About 400 Auckland homes are still without hot water after the weekend's monster storm created thousands of outages across the region.

Titirangi resident Danny Clevely said he and his wife are "going back to the old days", having to boil the kettle to wash dishes.

The couple have been going to their local gym to shower since Thursday, when their power and hot water went out.

A Vector spokesman said hot water would be the last thing to be restored for affected homes, as the energy company worked through a priority restoration system.


At its peak, the storm took out power to 20,000 customers, and it could sometimes be a lengthy process for everything to get back up and running.

First to be restored were feeders supplying power to large groups of homes or buildings, next was large buildings such as hospitals and airports, then large commercial buildings, and finally residential and individual homes.

Hot water was usually at the bottom of the list, he said.

"We're down to the last 400 or so Vector customers, we're expecting to get through those by tonight or tomorrow."

Clevely had been unimpressed with the lack of communication from Vector, and had tried to contact them and log fault reports on their mobile phone applications more than once, but had only managed to get in touch with someone after sending a message to Vector's Facebook page.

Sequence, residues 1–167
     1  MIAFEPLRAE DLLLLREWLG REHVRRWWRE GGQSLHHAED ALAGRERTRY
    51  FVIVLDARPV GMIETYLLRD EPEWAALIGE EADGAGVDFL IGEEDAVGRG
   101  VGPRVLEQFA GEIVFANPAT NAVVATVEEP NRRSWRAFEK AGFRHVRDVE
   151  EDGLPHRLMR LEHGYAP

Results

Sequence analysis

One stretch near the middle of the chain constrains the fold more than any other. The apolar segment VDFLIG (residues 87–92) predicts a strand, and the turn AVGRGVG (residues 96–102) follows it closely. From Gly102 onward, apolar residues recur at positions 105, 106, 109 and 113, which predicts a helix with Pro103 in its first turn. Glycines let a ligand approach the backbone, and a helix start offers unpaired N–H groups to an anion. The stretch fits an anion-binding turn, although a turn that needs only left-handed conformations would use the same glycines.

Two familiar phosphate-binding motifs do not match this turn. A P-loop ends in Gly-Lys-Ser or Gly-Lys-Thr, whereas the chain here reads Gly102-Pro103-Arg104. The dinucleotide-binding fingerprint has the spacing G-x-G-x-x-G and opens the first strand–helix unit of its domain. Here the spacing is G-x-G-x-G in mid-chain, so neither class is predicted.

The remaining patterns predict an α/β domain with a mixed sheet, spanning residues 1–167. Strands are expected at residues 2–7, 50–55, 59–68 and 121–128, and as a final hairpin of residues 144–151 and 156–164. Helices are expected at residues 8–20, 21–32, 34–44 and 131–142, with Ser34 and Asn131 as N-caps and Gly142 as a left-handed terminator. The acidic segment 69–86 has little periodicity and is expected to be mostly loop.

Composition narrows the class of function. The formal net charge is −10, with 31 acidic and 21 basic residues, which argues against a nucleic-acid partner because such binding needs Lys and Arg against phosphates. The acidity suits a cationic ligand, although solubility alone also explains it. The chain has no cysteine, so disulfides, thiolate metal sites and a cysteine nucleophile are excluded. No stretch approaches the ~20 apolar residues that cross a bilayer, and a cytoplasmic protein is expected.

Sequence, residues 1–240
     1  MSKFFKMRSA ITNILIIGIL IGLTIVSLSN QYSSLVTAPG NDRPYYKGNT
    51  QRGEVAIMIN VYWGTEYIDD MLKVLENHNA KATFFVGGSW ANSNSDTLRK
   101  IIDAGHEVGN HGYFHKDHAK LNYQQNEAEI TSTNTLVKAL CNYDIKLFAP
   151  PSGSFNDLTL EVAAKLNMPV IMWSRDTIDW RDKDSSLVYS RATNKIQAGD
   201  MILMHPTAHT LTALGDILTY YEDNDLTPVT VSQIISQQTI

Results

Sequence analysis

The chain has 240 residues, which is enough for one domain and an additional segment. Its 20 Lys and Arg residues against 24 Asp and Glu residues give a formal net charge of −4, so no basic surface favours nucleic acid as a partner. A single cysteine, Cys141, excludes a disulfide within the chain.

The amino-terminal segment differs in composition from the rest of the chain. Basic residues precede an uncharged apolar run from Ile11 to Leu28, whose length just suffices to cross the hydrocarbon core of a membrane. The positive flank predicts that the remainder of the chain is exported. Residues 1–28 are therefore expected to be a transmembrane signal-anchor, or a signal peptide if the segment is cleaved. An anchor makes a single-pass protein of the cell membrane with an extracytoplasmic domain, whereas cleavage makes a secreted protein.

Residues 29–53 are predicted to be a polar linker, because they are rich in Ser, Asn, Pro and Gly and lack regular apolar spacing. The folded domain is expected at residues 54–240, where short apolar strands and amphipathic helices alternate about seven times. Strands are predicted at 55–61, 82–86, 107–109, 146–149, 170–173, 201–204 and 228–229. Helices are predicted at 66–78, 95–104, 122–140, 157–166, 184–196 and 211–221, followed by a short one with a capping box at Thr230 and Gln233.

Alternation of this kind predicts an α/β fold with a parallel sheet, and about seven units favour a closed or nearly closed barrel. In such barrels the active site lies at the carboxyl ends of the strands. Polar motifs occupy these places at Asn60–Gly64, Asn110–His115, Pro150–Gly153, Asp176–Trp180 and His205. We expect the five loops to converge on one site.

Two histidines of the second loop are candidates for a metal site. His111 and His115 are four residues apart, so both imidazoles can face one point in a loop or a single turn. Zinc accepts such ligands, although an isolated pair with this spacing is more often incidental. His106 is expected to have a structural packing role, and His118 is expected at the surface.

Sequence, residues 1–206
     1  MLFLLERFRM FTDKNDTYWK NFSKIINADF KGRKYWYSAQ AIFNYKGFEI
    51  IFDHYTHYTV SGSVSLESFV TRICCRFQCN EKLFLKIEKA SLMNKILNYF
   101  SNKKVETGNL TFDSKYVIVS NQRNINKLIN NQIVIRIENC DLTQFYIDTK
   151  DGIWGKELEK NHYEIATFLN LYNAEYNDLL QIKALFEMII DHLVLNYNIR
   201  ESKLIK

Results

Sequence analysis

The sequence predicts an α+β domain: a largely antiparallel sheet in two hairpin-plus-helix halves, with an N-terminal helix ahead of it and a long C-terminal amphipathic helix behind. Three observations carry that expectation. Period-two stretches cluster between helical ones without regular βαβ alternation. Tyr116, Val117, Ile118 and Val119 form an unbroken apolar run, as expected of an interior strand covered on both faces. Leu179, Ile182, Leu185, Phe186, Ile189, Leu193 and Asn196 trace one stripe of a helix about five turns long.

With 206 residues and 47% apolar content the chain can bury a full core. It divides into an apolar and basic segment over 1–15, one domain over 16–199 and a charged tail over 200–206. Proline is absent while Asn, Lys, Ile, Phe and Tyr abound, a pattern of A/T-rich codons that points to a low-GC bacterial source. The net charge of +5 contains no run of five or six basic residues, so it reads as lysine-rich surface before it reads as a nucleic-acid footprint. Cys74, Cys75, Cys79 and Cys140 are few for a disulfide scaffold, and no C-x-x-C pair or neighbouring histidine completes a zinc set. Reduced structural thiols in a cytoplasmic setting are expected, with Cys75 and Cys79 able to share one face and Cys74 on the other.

It has been at least five days since he had hot water, and his electricity was only restored on Sunday.

"It's a bit of a trial, you go home and think 'what have we got tonight, have we got hot water?'

"We haven't been able to do any hot washing, we have to boil the kettle for everything. It's going back to the old days."


Clevely said he and his wife had been managing, and they were thankful for the summer temperatures taking the edge off the water.

"It's not as though we're having to get the sleeping bags out or anything like that, but it's just the inconvenience and what it's cost us as well."

The couple had to eat out at night while they were without power, and had to throw out a fridge and freezer-load of food that had gone off.

But his "biggest gripe" was how difficult it was to get updates on the situation or get hold of someone who could tell him what was happening.

"You've got to chase them up and unless you know how to get hold of them, you will not get hold of them, or if you do then you get the platitudes."

The Vector spokesman said he understood how it could be frustrating for customers, and there was an option for people to register a mobile phone number on their website for text message updates.

However, when it came down to individual houses it could be difficult to send out updates.

"This, unfortunately, is just a backlog."

Customers could be expecting hot showers hopefully tonight or tomorrow.